Budget was not aimed at the ballot box, say Blair and Brown

Gordon Brown tried yesterday to head off the Tories' allegation that he will have to raise taxes if Labour retains power at the general election, expected next year.

The Chancellor said he could have cut taxes in his Budget on Wednesday. "My choice was whether to cut tax rates - which I could have done with the money available - or invest in public services, which is what I did," he said.

Tony Blair,, who visited a school in Milton Keynes, Buckinghamshire, with Mr Brown yesterday to underline the rise in education spending announced by the Chancellor, denied it was an electioneering Budget. "If people say it is a ballot-box Budget, what they mean is it is a popular Budget," he said. "It's popular because we have a strong economy." Despite Mr Brown's denial, the Tories warned a tax hike would follow a Labour election victory.

Oliver Letwin, the shadow Chancellor, said: "The choice for voters is clear: more tax rises under Labour or a Conservative government that will avoid those tax rises by being more careful with people's money."

Mr Letwin denied that Mr Brown had "shot the Conservative fox" by cutting waste in Whitehall. "By admitting to £20bn of government waste, he has shot himself in the foot," he said. "Never again will he be able to argue that cutting back the growth of public spending means reducing frontline services."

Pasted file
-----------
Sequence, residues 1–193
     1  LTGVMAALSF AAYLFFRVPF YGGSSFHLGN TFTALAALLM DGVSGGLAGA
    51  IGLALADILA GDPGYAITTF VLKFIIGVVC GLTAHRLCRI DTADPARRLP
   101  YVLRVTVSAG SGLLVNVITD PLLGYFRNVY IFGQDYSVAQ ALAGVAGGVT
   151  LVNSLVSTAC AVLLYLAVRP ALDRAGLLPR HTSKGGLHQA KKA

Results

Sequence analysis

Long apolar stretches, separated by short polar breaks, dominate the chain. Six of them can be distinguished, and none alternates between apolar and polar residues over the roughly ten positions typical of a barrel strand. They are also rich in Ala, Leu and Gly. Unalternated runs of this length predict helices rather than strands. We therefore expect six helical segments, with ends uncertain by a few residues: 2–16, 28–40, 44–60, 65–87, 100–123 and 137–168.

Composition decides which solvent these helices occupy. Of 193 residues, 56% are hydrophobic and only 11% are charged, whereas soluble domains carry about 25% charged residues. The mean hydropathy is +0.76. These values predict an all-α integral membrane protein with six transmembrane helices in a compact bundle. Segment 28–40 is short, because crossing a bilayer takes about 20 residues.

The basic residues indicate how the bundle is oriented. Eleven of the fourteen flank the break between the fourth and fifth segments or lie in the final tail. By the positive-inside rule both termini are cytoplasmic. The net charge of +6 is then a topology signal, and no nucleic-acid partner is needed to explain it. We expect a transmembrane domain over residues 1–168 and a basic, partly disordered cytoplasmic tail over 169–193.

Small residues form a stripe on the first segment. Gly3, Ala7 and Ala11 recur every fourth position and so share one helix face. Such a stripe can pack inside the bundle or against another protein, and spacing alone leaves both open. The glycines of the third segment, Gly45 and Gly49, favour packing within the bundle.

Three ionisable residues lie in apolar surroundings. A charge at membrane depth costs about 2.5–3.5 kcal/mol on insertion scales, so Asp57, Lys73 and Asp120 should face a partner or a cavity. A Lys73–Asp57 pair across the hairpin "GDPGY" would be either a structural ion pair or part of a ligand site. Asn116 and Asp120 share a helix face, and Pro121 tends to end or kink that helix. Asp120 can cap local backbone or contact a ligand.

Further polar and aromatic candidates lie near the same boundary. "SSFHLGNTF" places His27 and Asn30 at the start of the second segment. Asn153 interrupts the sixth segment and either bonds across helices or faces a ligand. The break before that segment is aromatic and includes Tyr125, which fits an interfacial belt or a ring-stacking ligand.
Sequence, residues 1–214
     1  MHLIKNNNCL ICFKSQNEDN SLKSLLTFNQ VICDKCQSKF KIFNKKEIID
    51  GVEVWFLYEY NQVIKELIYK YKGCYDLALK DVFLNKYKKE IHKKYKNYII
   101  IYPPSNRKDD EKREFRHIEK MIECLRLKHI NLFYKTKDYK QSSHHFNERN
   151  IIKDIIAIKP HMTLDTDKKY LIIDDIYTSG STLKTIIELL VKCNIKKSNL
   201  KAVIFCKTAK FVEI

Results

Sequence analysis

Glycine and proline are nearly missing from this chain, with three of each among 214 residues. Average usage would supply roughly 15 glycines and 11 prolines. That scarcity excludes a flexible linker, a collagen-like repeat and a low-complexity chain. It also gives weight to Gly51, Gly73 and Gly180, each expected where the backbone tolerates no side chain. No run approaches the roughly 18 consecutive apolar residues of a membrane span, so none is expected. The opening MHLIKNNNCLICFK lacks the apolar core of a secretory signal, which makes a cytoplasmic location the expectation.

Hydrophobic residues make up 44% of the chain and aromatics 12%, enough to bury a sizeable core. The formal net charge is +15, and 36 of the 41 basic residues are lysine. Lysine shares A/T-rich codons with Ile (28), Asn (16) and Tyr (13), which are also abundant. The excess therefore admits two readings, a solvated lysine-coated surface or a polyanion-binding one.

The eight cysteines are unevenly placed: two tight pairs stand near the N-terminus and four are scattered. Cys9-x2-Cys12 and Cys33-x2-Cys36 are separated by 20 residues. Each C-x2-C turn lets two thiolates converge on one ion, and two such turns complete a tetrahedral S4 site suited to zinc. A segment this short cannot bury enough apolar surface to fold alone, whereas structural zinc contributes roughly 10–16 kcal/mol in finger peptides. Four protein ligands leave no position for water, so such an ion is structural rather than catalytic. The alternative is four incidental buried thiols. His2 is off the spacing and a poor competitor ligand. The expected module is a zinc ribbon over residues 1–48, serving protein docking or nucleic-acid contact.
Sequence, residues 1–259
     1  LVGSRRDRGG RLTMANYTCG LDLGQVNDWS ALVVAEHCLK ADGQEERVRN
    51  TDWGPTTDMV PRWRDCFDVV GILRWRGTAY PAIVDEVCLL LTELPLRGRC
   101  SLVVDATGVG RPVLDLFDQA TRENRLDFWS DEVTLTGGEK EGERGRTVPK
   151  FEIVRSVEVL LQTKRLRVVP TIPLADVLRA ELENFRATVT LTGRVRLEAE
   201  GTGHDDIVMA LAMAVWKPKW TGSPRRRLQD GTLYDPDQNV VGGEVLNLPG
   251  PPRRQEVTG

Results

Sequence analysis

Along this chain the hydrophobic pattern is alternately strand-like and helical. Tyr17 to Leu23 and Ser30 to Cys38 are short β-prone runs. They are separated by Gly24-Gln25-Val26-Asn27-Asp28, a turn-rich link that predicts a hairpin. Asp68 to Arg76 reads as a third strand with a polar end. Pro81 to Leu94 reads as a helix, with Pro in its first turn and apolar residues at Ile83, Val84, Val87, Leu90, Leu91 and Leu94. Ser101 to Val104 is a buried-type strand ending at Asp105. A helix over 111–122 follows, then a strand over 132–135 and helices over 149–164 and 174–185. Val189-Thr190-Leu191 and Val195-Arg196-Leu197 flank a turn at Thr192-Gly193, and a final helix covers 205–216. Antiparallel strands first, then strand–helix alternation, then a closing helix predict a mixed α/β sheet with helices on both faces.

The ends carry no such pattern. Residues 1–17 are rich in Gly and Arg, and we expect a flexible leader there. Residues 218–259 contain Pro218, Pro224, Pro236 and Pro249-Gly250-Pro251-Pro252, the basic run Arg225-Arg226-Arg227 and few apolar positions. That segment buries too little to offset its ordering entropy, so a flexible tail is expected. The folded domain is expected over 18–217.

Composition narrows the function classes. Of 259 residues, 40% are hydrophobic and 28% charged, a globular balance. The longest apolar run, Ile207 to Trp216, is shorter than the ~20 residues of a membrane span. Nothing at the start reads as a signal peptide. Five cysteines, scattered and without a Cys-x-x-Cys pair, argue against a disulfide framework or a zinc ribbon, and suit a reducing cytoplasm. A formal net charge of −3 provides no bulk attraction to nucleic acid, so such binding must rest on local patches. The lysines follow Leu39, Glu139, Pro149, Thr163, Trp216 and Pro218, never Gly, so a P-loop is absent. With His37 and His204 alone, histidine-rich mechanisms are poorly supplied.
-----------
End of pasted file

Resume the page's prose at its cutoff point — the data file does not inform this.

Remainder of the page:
Kenneth Clarke, the former chancellor, said the Budget had deferred tax increases until after the election. He said: "If he [Mr Brown] can win an election, we will have tax increases. To avoid a spending, taxing, borrowing problem, he is going to need a great deal of luck."

Mr Brown denied he would spend money he had not yet saved. He said: "The money we are putting into education and to pensioners has come from three sources: cutting the national debt and, therefore, debt interest payments; cutting unemployment and social security; and the benefits from the growth that has continued throughout the world downturn."

* Mr Blair was described as a "war criminal" by a protester when he visited a school in Enfield, north London. Michael Start was escorted from the premises by police but was not arrested.

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